January ushers in not only the new year, but the heart of winter. While this change in seasons is enjoyable for many, the lack of sunlight and on-set of cooler temperatures causes others to experience serious emotional distress, a condition known as seasonal affective disorder. This may be particularly true for those with attention-deficit disorders.

Seasonal affective disorder (SAD), often called winter blues, is a kind of depression that tends to pick up in the fall and end at the beginning of spring. SAD does occasionally occur during the summer months and end as fall picks up, but this is much more rare. Symptoms of seasonal affective disorder may include:

  • changes in your sleeping or eating patterns
  • problems with concentration
  • mood problems, such as unstable emotions, anxiety, or feeling irritable
  • fatigue

While the exact cause of seasonal affective disorder is not yet entirely understood, it is generally believed that the lack of sunlight in winter may trigger changes in the body, including upsetting the body’s internal clock (circadian rhythm), and unbalancing hormones and neurotransmitters, such as serotonin and melatonin.

Individuals with ADHD are often more sensitive to season changes. Research1 has shown a correlation between attention-deficit disorders and SAD. Studies have also shown an increased risk of SAD in women and girls2, particularly in the teen years. However, both children and adults with or without an attention-deficit disorder can be affected by the depression associated with SAD, and its signs are important to monitor and treat. To decrease the effects of seasonal affective disorder:

Increase Your Exposure to Sunlight as Much as Possible

Open the blinds in the morning as your child gets ready for school, and bundle them up for  afternoon walks. Try to experience as much sunlight as possible during the day.

Help Your Child to Label His or Her Feelings

Talking is powerful, and your child may find it relieving to express feelings out loud. For example, you might begin by saying to your child, “I’ve noticed you seem sad today. Not getting as much sun in the winter can sometimes make people feel down.” This may open a dialogue between you and your child that can ease symptoms, and help you, as a parent, determine your child’s needs.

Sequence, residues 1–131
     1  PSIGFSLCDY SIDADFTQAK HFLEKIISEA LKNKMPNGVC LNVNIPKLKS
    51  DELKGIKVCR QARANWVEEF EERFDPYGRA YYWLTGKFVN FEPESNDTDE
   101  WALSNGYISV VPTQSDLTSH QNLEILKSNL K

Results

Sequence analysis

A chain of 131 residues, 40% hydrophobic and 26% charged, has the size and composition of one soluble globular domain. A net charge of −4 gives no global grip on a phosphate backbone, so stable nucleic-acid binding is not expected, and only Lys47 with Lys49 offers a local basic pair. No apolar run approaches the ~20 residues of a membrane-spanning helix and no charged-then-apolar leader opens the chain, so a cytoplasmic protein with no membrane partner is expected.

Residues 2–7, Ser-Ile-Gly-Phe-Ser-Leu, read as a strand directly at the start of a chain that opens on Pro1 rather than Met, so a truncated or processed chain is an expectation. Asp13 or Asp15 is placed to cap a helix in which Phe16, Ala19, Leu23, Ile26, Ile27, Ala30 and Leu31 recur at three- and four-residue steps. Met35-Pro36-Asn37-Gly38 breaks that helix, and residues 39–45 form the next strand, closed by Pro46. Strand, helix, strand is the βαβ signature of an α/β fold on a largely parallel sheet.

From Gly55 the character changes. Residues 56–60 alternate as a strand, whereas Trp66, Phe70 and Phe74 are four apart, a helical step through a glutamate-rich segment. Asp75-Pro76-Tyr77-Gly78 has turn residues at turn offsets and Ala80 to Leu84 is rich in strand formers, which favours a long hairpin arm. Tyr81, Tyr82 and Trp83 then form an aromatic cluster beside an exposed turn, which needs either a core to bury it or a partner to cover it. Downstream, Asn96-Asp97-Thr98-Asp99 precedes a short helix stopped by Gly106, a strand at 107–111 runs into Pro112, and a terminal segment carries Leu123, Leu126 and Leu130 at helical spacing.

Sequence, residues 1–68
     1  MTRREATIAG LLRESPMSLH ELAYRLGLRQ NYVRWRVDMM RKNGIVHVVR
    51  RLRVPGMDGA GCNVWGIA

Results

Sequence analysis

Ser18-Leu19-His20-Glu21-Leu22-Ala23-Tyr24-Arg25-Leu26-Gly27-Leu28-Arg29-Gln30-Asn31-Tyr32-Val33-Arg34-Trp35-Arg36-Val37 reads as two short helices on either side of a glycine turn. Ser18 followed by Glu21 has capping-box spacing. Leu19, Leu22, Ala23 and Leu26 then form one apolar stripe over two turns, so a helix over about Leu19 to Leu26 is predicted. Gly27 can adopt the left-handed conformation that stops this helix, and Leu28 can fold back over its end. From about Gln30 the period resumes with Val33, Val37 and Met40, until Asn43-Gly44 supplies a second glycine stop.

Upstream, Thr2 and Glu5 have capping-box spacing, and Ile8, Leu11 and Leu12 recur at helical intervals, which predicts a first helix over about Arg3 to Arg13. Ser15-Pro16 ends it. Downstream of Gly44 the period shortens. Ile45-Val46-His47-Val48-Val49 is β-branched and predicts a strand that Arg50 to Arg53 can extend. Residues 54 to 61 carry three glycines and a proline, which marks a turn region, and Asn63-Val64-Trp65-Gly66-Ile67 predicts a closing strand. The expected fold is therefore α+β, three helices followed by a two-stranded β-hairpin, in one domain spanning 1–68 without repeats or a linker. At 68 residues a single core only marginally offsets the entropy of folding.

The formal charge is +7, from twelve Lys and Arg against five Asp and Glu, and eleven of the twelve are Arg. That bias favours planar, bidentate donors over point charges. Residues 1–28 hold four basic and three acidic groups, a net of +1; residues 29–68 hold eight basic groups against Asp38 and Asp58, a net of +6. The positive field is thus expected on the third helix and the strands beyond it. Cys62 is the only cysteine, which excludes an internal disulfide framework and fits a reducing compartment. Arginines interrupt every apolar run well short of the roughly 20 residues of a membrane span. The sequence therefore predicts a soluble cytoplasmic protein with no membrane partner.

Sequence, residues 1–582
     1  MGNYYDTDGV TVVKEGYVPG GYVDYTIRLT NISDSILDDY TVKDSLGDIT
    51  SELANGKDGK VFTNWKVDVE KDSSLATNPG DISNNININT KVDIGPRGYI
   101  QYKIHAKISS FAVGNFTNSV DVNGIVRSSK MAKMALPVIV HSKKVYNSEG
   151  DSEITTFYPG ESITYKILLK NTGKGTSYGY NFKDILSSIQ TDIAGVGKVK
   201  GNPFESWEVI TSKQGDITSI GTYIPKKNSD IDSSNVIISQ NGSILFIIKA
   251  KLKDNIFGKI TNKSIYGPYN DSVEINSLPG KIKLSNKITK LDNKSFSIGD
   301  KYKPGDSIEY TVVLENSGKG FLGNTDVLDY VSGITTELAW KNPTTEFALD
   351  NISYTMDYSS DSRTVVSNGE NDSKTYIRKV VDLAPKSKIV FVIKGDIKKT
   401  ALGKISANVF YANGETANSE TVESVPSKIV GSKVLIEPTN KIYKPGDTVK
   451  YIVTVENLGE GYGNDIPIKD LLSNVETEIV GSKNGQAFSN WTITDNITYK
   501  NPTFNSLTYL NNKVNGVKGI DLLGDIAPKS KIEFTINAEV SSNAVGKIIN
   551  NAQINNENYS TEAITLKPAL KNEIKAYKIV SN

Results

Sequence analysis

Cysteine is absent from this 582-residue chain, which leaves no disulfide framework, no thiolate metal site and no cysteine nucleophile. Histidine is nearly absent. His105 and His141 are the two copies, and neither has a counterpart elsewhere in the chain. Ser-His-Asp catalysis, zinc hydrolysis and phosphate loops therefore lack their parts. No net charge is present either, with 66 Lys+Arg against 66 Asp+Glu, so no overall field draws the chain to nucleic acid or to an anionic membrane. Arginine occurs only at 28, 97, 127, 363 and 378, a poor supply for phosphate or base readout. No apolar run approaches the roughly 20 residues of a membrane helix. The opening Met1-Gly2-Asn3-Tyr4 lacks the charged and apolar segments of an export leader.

Reach Out for Support

Any type of depression requires support. Be willing to provide your child with extra homework help, or have discussions with teachers, if necessary, to help your child get through the winter months. As an adult, reach out to understanding friends and family who can offer a listening ear.

Maintain Healthy Habits

Try to maintain healthy habits year-round. Healthy eating, appropriate amounts of sleep, and regular exercise may not cure SAD, but it does positively affect you and your child’s moods. For adults, remember that alcohol consumption can often increase symptoms, such as anxiety, so strive to avoid these substances.

Contact a Specialist

Sometimes, the symptoms of seasonal affective disorder, as well as its impact on individuals with co-existing conditions, such as attention-deficit disorders, requires more intensive treatment. As with any depression, don’t hesitate to seek out a qualified professional. Neurobehavioral Associates offers and maintains contact with a network of professionals, and offers comprehensive assessments and services that exist to aide you or your child not only during these tough winter months, but year-round.

1. Seasonal Affective Disorder (SAD) – Mayo Clinic

2. Seasonal affective symptoms in adults with residual attention-deficit hyperactivity disorder
Department of Psychiatry, University of Toronto, Ontario, Canada.

3. Seasonal affective disorder in college students: prevalence and latitude
Department of Psychology, Bates College, Lewiston, Maine, USA.